June 8, 2007
Her name is Rose. Or Emily. Maybe it’s Jessie.
It’s something short, to match her pixie cut, dyed platinum blonde, drowned in bleach like the Hollister skirt she probably paid fifty bucks for, tattered with strands that knot like my fingers when she tries to talk to me.
Jen, or maybe Kelly, waits until my parents file silently through the hallway into a back room to whisper what they think are secrets. The girl with the curt name turns to me and asks how old I am. I’ve been fifteen for exactly eight days and if I push with all my might, I can turn my words almost audible.
She says I’m lucky. Says, thank God they caught it early. Says, you’re still young, you don’t want to be like me, twenty, still with this nagging need to starve yourself. Says, you’re like an addict, but you’re addicted to a world in your own mind, a world where any of this matters.
Rose, or something like that, was wrong.
I was never lucky. June 8, 2017, comes and I have been twenty-five for exactly eight days. And I think of Rose or Claire. I know by now. That it didn’t matter for me that they caught it early. Was she wrong about herself, too? Did it matter that they caught it late? Or, is she one of the countless girls I watched turn themselves back into dust?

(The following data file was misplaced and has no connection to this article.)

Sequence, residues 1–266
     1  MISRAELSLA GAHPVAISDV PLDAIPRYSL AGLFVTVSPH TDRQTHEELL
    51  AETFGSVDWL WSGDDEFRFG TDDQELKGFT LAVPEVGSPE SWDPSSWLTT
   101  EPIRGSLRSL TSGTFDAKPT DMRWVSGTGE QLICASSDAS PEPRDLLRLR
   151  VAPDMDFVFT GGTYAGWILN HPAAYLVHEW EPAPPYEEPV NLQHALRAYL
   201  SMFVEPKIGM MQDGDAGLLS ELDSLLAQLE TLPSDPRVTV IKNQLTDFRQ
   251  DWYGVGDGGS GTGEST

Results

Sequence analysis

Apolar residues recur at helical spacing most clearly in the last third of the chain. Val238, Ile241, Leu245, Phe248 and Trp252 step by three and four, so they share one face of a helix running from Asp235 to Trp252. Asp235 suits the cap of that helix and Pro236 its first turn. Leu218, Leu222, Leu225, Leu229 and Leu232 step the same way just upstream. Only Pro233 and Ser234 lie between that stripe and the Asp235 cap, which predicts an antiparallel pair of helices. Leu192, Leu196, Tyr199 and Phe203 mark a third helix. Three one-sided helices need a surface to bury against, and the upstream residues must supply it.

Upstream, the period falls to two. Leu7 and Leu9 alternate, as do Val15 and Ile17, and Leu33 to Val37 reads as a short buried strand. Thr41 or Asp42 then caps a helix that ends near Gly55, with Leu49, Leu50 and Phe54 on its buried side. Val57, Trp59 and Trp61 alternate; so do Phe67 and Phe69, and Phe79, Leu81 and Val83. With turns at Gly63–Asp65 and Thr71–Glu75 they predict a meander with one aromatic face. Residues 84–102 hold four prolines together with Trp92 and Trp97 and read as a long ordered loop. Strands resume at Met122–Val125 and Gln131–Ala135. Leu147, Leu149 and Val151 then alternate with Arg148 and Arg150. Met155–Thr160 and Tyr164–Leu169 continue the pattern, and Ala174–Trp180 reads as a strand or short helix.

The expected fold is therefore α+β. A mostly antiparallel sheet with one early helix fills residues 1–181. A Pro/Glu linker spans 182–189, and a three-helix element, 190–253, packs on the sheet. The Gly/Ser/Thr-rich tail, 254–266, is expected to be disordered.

Maybe the cure is in the choice. In Rose speaking while I folded myself into a failed origami bird, wings broken, never learning how to fall without hitting the ground.
Eleanor is a South Floridian transplant trying to survive the seasons in Chicago. She works as a Crisis Counselor in an Emergency Room. You can see her work in The Cape Rock, The Courtship of Winds, Mad Hat Literary Journal, Black Heart Literary Journal, and Verity La, among others.